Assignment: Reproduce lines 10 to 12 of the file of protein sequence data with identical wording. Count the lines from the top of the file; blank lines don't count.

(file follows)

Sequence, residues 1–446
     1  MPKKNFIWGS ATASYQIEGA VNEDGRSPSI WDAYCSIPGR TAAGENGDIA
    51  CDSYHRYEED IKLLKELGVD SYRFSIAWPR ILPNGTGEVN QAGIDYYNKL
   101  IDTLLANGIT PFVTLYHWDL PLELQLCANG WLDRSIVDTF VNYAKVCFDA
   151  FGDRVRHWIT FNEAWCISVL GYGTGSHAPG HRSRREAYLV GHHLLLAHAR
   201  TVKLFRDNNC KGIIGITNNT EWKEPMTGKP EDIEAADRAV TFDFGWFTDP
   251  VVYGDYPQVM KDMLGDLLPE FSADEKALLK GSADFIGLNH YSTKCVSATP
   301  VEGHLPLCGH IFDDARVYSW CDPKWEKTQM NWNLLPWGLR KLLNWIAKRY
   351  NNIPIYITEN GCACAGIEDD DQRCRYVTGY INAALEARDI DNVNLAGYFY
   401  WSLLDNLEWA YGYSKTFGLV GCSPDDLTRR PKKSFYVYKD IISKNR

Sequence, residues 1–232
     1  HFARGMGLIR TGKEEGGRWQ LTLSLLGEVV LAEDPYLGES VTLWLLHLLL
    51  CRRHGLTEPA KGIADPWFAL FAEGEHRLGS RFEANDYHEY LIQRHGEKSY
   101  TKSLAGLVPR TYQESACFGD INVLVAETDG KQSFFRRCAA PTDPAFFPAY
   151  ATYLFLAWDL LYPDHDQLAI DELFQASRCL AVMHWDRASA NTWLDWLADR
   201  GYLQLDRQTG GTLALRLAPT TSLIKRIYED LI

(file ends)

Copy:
   401  WSLLDNLEWA YGYSKTFGLV GCSPDDLTRR PKKSFYVYKD IISKNR

Sequence, residues 1–232
     1  HFARGMGLIR TGKEEGGRWQ LTLSLLGEVV LAEDPYLGES VTLWLLHLLL